Research summary - Defining investment readiness

Official title: Defining investment readiness in the social finance sector from an investor’s perspective

Author of report: SVX Invest for impact

Why this study

The Government of Canada began the Investment Readiness Program (IRP) in the spring of 2019. After the launch, we wanted to understand what "investment readiness" means in the current social finance network. This research:

This research finds other factors that influence their decision to invest. For example, it can be:

The main objectives of this research were to:

What we did

The study used data collection tools and methods to review, measure, and confirm the results. Before having interviews with investors all across Canada, researchers analysed the public documents about investors’ due diligence. The researchers put together the results from the interviews to develop advice for the IRP. To confirm the results, they presented the findings to stakeholders from the sector. Finally, the researchers submitted a report that clearly outlines the results of the research.

What we found

The study found that each investor accepts a different level of risk and level of return. Many look for specific areas of impact, such as one of the United Nations Sustainable Development Goals. Some have an interest in only specific asset classes (for example, debt or equity). The researchers found a few common areas, despite each investor’s unique profile and each potential investee’s unique challenge.

The reason SPOs don’t receive investment is mostly because of the investor's desired portfolio. The SPOs' readiness to receive capital is secondary. The SPOs may be in the early stages or their impact or sector focus may not have aligned with that of the investors. This research aimed to understand why deals have fallen through after the 1st screening.

Investors found that many SPO management teams didn’t have enough financial know how. This was the most common challenge they faced when deciding to invest in SPOs. Non-profits, charities and smaller community based entities begin to view impact finance as a source of capital. These new entrepreneurs need to:

In many cases, investors familiar with the SPO would provide the following to help them develop the required financials:

This allowed them to get financing both from their investment review committee and from other investors.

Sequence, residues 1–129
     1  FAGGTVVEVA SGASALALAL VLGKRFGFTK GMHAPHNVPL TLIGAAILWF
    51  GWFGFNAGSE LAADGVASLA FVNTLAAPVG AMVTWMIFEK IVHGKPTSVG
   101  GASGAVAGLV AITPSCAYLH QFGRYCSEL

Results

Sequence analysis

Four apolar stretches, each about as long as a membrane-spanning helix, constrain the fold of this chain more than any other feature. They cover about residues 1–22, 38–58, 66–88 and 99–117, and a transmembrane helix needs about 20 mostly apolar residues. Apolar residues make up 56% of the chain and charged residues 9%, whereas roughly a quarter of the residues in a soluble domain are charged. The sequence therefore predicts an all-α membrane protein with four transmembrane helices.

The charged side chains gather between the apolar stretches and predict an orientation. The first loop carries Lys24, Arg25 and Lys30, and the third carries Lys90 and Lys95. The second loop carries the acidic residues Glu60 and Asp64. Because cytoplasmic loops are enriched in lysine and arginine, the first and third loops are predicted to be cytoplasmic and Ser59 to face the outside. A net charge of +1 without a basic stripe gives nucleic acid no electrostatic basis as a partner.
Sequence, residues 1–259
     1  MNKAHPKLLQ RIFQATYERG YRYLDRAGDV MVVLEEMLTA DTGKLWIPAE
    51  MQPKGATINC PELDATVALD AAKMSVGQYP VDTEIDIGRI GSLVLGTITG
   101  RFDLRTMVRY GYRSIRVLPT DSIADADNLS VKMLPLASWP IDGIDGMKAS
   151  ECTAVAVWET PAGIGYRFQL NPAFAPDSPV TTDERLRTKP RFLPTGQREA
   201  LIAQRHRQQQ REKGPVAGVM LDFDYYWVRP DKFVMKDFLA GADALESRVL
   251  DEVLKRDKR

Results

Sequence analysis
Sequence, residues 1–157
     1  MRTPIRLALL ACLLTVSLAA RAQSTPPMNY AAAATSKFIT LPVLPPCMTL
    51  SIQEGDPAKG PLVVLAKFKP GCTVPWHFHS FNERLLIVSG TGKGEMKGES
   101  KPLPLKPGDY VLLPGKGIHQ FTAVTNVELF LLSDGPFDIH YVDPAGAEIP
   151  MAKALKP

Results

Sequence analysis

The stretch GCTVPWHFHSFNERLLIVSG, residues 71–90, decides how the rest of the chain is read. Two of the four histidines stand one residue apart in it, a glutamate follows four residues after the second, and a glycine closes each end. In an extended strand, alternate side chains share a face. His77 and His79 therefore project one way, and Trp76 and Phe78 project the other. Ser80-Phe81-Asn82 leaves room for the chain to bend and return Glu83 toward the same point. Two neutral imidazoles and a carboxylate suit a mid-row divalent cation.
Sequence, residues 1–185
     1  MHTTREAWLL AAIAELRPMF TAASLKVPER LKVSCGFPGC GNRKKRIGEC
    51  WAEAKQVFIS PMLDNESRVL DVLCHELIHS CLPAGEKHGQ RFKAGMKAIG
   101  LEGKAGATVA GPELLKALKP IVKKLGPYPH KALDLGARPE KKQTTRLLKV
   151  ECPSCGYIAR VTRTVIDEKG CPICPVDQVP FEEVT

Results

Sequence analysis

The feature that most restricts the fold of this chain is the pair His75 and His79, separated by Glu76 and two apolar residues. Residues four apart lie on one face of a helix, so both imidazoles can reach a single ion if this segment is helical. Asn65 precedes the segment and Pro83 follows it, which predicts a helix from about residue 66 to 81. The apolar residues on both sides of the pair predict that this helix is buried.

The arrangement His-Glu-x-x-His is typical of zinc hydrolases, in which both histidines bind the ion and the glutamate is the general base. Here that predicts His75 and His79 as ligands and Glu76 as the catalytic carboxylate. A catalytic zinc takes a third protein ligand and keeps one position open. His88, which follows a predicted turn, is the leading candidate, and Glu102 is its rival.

Lack of tax prompts and the higher costs of coping with regulatory barriers limit private market investments in SPOs.

Barriers exist for larger institutional investors and wealth managers to invest in SPOs. Securities regulations, which require their constant 'know your client' attention, make smaller investments into SPOs nearly impossible. The tax laws around charitable giving make impact investing look riskier to investors. They often go back to tax prompts of donations instead of coping with the regulatory challenges mentioned above.

What it means

We began IRP in the spring of 2019 to help SPOs improve their ability to take part in the social finance market. It is a 2 year, $50M grants and contributions program. It plans to build the capacity of organizations to access social finance opportunities, such as the upcoming Social Finance Fund.

The report features a number of recommendations that will be useful in:

The suggestions are as follows:

Build financial knowledge

One of the biggest gaps identified by investors in the readiness of SPOs is their financial knowledge. This happens more often in the non-profit and charity sector. There, the leadership is more experienced at grant writing, but may not understand what investors want to see, such as:

Increase due diligence

Performing adequate due diligence on smaller and riskier investment opportunities can:

Investors prefer less risky and more solid investment opportunities because of limited investor resources. This occurs even with sharing impact or sector focus.

Focus on the business model

In all investing, getting the business model is key. The entrepreneur’s lack of skill to quickly and fully describe the business model and opportunity is a deal breaker.

Build relationships

Investing often comes down to relationships. If an investor does not know the SPO, an investment is less likely. Investors and SPOs can build their relationships through events, referrals, or network connections. Without an existing relationship, investors hold the business to a higher level of analysis.

Change regulations

Many investors who have interest in impact investing often go back to giving because of tax prompts. Giving prompts for impact investing could help much needed capital get to SPOs. This can help SPOs to reach stability while returning the capital back to investors.

Contact us

Income Security and Social Development Branch, Social Innovation and Community Development Directorate.


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